Zig Ziglar commands $50,000 and up. Most speakers charge less. A few get more. For the companies that hire them, the free can be the tip of the iceberg. There are airline tickets, limos, first class hotels. Take five hundred top managers away from their jobs for a day, or even a bunch of salesman, and the cost skyrockets. Add it all up—the employees holed up in expensive resorts, those speaker fees, and the extras, the work hours lost, the incentive pens and mouse pads, the fees to meeting planners—multiply all that by the number of meetings, thousands every year, and you’re talking serious money. By one estimate, it all costs U.S. companies over $150 billion.
After studying four thousand companies and rating the ten most “productive”—based on various criteria from revenue per employee to cash flow—they found that none spent much money motivating their workers. “They don’t have to,” says Jennings. “They’ve made the work so magical, so fulfilling, they don’t need vision statements, they don’t have to come in with carrots.”
What works to motivate workers, he believes, is “an authentic cause that becomes the culture of the company.” He cites IKEA and its pledge to build “furniture for the many—not for the few, not fro the rich, not for design magazines.” To underscore its commitment to the masses, IKEA founder and chairman Ingvar Kamrad flies economy, stays in a Motel 6, and takes one vacation a year—a two-week bicycle trip. IKEA doesn’t stage rush rah-rah retreats with the Chalk Man or an astronaut.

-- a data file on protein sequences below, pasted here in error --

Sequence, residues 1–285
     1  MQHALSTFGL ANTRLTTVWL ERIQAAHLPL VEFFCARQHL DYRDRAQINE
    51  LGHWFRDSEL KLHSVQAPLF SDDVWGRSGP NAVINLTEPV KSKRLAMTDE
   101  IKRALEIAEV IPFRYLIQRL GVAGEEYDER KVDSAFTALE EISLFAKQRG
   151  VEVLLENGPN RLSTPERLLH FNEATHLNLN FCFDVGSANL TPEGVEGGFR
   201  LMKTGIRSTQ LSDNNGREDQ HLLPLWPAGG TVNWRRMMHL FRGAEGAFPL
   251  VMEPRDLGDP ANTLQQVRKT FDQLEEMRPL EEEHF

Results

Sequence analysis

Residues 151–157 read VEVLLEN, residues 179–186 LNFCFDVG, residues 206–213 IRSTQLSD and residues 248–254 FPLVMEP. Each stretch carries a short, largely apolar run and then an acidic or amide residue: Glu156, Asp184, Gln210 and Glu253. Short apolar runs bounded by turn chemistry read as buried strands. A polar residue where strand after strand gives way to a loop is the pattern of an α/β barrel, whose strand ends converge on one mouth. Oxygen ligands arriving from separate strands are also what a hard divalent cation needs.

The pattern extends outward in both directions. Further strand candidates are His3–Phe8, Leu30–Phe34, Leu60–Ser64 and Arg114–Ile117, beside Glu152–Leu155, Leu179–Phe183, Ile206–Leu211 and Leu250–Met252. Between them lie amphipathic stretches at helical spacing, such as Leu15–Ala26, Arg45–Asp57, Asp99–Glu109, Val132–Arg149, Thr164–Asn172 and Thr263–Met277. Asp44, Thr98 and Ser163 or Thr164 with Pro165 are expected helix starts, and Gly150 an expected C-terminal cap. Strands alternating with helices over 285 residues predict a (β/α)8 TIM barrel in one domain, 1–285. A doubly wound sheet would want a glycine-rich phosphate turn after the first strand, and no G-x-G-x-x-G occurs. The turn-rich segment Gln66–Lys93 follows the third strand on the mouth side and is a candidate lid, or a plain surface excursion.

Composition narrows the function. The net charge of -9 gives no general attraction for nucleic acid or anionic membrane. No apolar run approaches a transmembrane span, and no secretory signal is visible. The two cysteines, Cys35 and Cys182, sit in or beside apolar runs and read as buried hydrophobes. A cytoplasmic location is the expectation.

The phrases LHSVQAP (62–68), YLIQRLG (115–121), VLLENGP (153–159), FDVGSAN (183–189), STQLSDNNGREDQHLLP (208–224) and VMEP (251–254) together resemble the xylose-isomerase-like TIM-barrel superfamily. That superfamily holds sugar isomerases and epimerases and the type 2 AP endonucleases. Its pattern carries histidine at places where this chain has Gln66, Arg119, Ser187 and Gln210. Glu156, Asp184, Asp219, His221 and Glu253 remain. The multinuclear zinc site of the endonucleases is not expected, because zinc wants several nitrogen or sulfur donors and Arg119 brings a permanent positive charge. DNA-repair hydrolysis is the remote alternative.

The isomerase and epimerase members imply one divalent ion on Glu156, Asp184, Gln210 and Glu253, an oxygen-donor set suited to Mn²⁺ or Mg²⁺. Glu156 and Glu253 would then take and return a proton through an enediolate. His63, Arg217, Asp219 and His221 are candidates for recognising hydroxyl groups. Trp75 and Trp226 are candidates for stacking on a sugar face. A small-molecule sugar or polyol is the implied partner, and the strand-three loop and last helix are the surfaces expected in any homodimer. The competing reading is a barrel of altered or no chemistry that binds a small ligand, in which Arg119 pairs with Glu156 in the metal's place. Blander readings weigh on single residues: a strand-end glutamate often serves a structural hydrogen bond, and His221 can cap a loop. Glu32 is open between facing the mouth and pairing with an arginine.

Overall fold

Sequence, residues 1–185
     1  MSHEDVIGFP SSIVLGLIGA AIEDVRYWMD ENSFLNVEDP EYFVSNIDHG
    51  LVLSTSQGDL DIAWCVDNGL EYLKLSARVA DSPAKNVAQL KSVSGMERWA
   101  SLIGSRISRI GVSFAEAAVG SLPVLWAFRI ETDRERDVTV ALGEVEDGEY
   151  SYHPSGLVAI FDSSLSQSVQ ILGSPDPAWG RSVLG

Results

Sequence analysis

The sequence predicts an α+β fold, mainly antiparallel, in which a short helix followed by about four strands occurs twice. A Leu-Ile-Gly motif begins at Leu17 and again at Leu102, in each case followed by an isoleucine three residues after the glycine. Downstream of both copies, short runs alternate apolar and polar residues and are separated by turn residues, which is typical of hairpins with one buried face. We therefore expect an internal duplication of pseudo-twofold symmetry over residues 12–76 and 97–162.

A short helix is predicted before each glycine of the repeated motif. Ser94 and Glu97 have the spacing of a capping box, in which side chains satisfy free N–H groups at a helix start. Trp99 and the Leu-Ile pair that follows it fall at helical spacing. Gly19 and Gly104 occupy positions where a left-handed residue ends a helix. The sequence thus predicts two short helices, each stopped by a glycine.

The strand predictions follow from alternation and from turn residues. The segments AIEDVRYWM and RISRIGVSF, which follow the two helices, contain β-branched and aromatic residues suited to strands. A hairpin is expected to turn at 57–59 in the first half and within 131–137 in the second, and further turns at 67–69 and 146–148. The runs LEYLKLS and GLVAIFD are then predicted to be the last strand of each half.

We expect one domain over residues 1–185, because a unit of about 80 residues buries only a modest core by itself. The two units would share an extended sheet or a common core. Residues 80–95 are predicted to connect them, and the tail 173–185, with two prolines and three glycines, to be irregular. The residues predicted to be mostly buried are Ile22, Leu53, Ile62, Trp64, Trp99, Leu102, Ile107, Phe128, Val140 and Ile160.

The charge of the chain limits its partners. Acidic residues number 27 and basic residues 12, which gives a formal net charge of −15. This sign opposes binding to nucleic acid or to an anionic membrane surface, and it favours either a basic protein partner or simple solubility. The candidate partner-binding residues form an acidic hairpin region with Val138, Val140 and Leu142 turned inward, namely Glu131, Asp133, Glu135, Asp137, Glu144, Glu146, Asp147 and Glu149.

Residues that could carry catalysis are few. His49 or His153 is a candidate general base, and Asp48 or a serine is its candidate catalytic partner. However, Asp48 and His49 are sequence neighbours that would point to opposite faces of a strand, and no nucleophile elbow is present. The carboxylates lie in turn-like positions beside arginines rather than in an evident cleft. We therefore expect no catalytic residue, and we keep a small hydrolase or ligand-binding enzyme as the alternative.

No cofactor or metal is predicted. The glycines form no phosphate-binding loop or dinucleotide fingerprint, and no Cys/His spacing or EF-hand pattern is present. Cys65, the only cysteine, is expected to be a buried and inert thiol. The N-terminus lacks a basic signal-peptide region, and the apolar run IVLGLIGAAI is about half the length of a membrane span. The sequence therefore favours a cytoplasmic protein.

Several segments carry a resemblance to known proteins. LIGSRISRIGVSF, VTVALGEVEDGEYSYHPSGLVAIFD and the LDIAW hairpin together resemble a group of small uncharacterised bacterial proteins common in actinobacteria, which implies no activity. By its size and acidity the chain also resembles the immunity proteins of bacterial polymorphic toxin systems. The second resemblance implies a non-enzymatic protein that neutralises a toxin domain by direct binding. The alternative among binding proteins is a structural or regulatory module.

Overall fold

Some people prospect for change in the hopes of more riches. They do it for adventure—because they want a new landscape. The rest of us look to change because we don’t like who we are. We’re not satisfied. It’s these dual propellants that power the motivation business: we’re optimists, we believe in a better future; we’re disgruntled, unhappy with our lot.
“And here’s the thing,” says Jeff. “No one’s more extraordinary than you. That’s right. You think jumping this high is extraordinary? Not to an Olympic high jumper. To them it’s just ordinary. And you know what? They’re as dissatisfied as you.”
-He tells the tale of an Olympic swimmer, a guy who won the gold. Took hum fifteen years of practice. Showed up every morning at 5:30 at the pool. Won the gold and appeared on TV, radio, the Today show. Greatest thing that ever happened to hum. But you know what? In the Forum he confessed it wasn’t enough. It wasn’t enough!
How come, he asks, you attribute everything that’s bad to your parents and all that’s good to you? Sound familiar? Guess what. They did the best they could. Do you ever imagine what their stories were? Some did really bad things, okay. But it doesn’t matter. Whether they loved you to death or raped and molested you, you still have to accept them—or you can’t move forward.
Stories are fine, but they need to provide a way for the people to think about themselves.
I wonder again how people make the leap from living their lives to telling others how to lead theirs. This is beyond a sympathetic ear on the phone, a chummy suggestion to switch jobs or try yoga. This is in the area of: listen to me, I know the secret to life, I can make you fulfilled.
He likes speakers who get personal; it gives them credibility—unlike journalists who rely on third party authority.